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P-Touch PT-80 Labeler

I promised in the comments of A Label Maker For The Shop that I’d write a Dealmonger post next time the Brother P-Touch went on sale. That day came this last Sunday — Office Max discounted the Brother PT-80 to $15, 50% off the retail price. They list this deal both in their weekly circular and on their website.

The labeler comes with a starter tape that’s labeled several of my multi-drawer storage units, a file drawer full of file folders, and all the wires behind one of my computers. The last replacement tape I bought cost $12 — that was walking into the store without any bargain hunting.

The PT-80 features the familiar qwerty keyboard. You can’t touch-type on it, but it’s a heck of a lot easier to type a label on this keyboard than on a labeler with some non-standard layout. A 12-character LCD scrolls to display everything you’ve typed. You can choose from six type sizes and nine type styles in the label maker’s only font, and you can print the label on either Brother’s 3/8″ or 1/2″ wide “M” tape in a variety of different background and text colors.

The feature set of this device is limited compared to more expensive labelers, but do you really need a ton of features for a shop label maker?  I’ve never used anything but the default settings.

This deal ends Saturday, May 24th, 2008.

PT-80 Labeler [Brother]
PT-80 Labeler [Office Max Website]
PT-80 Labeler [Office Max Circular]
Street Pricing [Google Products]
Via Amazon [What’s This?] [What's This?]

 

5 Responses to Dealmonger: Brother P-Touch Labeler $15

  1. Bob says:

    I’d spend the extra money to get a Brother P-Touch that can print on TZ (laminated) labels, not the M (non-laminated) ones that this one does. The laminated ones seem to last forever, the non-lam wear off over time.

  2. Bob, laminated labels might be nice in some spots, but is it really necessary to buy a more expensive labeler for those few occaisions.

    I have four of the same universal remotes in different rooms, so I labeled them so I knew which room they belonged in when they wandered off. That’s the only case so far where I’ve had any problem with labels fading and peeling because they are handled every day. Every other place I’ve used them they’ve been fine.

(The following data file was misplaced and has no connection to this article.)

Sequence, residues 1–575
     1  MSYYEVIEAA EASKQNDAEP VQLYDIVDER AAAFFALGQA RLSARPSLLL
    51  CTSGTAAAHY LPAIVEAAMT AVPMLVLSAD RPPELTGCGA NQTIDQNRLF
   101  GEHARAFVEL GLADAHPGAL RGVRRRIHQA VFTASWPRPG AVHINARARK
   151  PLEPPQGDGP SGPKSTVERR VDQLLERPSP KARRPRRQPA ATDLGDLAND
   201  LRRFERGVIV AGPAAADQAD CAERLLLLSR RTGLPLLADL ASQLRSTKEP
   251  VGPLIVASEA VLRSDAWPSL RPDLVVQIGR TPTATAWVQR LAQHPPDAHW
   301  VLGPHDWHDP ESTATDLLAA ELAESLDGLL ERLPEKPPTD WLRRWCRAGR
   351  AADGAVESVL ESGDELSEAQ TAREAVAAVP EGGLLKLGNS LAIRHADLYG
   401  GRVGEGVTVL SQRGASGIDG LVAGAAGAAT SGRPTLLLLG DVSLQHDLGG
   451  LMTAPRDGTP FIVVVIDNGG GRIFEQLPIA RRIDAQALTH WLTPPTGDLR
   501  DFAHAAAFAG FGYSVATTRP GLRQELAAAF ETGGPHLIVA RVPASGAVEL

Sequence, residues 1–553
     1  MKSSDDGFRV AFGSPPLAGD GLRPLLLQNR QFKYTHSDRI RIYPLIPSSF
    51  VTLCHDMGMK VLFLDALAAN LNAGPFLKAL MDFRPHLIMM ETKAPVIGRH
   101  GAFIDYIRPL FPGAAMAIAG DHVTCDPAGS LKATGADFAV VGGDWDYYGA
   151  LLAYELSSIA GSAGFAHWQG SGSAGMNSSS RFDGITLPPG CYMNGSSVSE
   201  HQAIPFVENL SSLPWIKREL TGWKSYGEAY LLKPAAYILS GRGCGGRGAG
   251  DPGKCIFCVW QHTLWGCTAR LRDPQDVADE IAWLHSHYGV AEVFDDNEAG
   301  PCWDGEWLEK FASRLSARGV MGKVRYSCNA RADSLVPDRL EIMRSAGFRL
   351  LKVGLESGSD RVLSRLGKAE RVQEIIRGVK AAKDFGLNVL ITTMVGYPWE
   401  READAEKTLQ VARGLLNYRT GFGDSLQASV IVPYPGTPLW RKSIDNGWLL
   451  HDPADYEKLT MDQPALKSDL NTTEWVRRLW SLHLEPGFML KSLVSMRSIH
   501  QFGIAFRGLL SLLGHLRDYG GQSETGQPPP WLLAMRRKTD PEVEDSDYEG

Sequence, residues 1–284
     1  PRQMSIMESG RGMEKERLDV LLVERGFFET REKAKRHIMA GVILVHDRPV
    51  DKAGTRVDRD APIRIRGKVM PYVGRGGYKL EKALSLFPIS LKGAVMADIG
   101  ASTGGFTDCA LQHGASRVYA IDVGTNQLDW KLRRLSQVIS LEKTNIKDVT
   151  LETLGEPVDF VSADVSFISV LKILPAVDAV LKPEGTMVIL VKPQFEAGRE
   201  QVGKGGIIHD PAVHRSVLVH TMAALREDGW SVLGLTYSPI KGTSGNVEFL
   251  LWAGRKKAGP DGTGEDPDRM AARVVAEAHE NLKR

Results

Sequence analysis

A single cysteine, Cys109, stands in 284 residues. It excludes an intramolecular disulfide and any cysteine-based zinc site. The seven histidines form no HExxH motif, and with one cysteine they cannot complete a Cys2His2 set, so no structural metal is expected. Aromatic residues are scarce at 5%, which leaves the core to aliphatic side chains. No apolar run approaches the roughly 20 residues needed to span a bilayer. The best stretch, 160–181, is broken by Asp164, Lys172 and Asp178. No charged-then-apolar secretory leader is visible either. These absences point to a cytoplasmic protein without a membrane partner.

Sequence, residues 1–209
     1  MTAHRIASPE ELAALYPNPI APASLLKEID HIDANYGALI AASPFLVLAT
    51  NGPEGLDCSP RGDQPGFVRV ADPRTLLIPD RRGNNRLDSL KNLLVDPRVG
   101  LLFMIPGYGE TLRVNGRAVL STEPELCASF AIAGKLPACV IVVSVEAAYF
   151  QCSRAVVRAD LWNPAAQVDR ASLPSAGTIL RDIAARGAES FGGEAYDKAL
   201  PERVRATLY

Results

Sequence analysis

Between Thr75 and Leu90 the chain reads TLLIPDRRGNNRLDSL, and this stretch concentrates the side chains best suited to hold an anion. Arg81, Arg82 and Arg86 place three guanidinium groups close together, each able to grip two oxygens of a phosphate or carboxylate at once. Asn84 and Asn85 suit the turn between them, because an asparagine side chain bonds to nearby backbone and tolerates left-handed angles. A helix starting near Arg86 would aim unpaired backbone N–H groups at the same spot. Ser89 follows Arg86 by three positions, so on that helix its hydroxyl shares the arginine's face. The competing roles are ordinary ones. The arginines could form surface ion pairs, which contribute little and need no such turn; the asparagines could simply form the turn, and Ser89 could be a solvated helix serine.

My theory is the best tool is something you’re not afraid of using. If I spend a lot of money on a labeler I’d leave it someplace safe like my office, instead of having it in my shop or taking it to the garage where it gets abuse. I don’t care if I break it, gunk it up with sawdust, etc… because I paid practically nothing for it.

  3. Emery Roth says:

    I have a friend who has pretty successfully labeled a lot of his tools with these labelers. The kicker is that he only uses the laminated tz tapes (and i think there are also super sticky ones). It all depends on what you plan on doing with the labels. The nicer ones also allow you to make ‘flags’ for cables.

  4. Scott says:

    I have one of these battery suckers at work. Two words: don’t bother. The Dymo LetraTag (http://global.dymo.com/enUS/Products/LetraTag.html) is a great handheld that has a larger keyboard, two row printing capabilities and the batteries seem to last forever. I have it in my shop and label everything with it and I’m still on the first set of Duracells!

  5. David says:

    Brother has a decent labeler but the tapes are pricy. To add insult to injury they (on purpose in my opinion) have their machines run a long leading and tailing piece of tape before and at the end of each label that no printing is done on. Is there any way to shorten this??? I am sure that at least 50% of each tape I buy goes to waste. Many times I even have to cut this extra off when labeling smaller items!
    Thanks
    David

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